Uirab takes on critics of Namport’s expansion plan
The outgoing CEO of Namport on Friday lashed out at a researcher backed by the Economic Association of Namibia (EAN), who claimed last week that officials had sorely miscalculated the future growth forecasts for ship visits and cargo to be handled at Walvis Bay and thus took on debt commitments that could ultimately land the company and the wider economy in murky waters.
At a meeting hosted by the EAN in Windhoek last week, economist Rainer Ritter warned that Namport’s infrastructure development plans may cause long-term cash flow problems for the company and worsen Namibia’s debt burden as the parastatal firm’s bottom-line comes under pressure.
Ritter, a former director of the Bank of Namibia, in his findings noted that there had been a significant decline in ship visits and containers handled at Walvis Bay since 2012, and that Namport’s profitability had sunk to an all-time low in recent times.
His report, ‘Namport within the Context of a Logistics Hub’, shows that Namport took on several major capital projects, such as the new container terminal on reclaimed land (which should be operational by mid-2019) at a cost of an estimated N$4 billion. Its capital projects, including the north port project, were expected to cost over N$20 billion.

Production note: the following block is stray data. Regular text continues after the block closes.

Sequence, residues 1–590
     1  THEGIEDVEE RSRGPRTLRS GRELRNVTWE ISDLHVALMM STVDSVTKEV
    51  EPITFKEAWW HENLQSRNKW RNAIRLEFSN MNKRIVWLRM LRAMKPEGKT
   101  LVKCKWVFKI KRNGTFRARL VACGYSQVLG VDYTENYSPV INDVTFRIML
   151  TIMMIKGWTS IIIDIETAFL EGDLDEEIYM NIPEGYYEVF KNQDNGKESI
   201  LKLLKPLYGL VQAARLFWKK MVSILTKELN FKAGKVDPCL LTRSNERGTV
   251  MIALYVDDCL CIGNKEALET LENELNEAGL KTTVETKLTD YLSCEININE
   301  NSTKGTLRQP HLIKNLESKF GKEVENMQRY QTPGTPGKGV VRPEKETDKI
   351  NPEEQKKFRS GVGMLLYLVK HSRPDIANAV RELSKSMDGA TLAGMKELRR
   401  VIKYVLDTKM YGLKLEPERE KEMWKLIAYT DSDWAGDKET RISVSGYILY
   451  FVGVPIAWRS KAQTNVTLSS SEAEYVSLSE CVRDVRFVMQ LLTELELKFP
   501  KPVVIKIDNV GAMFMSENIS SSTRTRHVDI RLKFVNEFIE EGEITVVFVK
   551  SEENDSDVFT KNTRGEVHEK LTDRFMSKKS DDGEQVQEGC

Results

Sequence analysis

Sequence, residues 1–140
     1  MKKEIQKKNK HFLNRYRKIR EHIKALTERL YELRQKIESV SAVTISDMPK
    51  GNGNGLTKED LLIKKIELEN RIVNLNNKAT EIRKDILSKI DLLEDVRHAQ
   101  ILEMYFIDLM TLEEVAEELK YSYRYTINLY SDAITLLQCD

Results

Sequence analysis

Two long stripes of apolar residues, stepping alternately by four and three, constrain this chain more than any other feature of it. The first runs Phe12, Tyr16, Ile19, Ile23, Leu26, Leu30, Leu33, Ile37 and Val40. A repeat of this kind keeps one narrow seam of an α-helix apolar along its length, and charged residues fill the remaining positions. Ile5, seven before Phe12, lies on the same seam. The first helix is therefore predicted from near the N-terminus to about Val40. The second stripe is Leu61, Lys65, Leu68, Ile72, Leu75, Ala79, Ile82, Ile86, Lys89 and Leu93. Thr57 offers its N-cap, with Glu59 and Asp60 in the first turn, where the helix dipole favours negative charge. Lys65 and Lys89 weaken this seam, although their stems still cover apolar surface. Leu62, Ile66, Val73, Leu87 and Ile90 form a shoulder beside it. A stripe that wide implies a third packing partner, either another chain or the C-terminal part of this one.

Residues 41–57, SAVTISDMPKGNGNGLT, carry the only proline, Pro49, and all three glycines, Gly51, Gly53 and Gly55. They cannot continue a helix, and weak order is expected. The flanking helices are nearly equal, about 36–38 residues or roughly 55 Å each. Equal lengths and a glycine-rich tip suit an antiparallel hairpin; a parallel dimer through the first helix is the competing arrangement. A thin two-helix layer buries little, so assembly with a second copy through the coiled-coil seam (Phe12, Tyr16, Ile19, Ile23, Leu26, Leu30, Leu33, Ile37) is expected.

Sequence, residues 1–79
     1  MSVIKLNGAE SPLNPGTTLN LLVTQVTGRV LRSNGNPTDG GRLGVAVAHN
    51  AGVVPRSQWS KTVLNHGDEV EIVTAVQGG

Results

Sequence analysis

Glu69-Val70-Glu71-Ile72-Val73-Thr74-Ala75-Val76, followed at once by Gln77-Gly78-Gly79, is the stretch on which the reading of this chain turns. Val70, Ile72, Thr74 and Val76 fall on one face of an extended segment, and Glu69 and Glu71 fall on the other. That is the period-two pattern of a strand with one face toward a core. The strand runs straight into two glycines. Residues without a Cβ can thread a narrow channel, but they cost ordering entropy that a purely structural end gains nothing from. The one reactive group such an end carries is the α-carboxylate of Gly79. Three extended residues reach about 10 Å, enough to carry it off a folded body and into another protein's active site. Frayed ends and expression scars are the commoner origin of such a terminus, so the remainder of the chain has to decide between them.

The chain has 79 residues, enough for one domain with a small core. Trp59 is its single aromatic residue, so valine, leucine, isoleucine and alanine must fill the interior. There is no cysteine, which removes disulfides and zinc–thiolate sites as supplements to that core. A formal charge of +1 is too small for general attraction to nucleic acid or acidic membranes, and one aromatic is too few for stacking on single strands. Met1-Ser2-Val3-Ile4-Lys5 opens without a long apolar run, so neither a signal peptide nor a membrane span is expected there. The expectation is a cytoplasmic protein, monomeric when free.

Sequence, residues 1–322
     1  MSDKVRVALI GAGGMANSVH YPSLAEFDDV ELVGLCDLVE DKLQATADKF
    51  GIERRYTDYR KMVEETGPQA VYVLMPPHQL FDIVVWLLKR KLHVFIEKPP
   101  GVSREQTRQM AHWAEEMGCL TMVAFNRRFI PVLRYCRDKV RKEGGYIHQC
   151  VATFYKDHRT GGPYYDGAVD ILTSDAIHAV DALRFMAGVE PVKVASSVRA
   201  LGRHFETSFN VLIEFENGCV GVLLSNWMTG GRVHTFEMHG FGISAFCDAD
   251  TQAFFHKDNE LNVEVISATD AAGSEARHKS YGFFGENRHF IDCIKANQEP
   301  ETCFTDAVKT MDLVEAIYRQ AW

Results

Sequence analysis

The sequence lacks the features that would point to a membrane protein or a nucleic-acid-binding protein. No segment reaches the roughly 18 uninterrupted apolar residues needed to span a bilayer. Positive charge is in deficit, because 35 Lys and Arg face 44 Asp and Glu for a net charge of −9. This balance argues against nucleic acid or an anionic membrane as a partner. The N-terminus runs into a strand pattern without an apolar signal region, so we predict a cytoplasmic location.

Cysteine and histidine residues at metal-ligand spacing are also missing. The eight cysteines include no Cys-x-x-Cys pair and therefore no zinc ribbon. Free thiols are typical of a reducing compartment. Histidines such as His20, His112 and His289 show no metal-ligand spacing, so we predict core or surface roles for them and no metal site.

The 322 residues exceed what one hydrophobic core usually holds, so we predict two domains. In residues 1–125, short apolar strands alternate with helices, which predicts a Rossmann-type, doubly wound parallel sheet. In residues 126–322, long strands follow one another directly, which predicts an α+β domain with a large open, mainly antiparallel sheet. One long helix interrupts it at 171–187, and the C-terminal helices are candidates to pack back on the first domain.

“The major question is, can these costly investments pay off, and whether Namport will be in a position to repay the AFDB (African Development Bank) loan without running into serious financial problems?” he asked.
Although Ritter’s report was reportedly based on data from Namport’s audited financial statements, Namport CEO Bisey Uirab in his response on Friday rejected the main argument and said the reports were compiled and distributed without the courtesy of according Namport an opportunity to verify the contents or provide some context to the issues raised.
Uirab said it was downright “slanderous” of Ritter to suggest that there was a “general lack of effective governance and appreciation of logistics within Namport and the government”.
One of Ritter’s key contentions is that the growth forecasts on which the plan for the new container terminal was based were deeply flawed. Uirab did not dispute that the growth forecasts were wrong, but disputed the implication that there was a lack of due diligence.
He said extensive studies were conducted by specialist consultant firms and international organisations, such as the Japan International Cooperation Agency and a United States of America-based consultancy firm, Nathan & Associates, resulting in “nine volume forecasts which provided the impetus, even on worst-case basis, to the expansion drive.”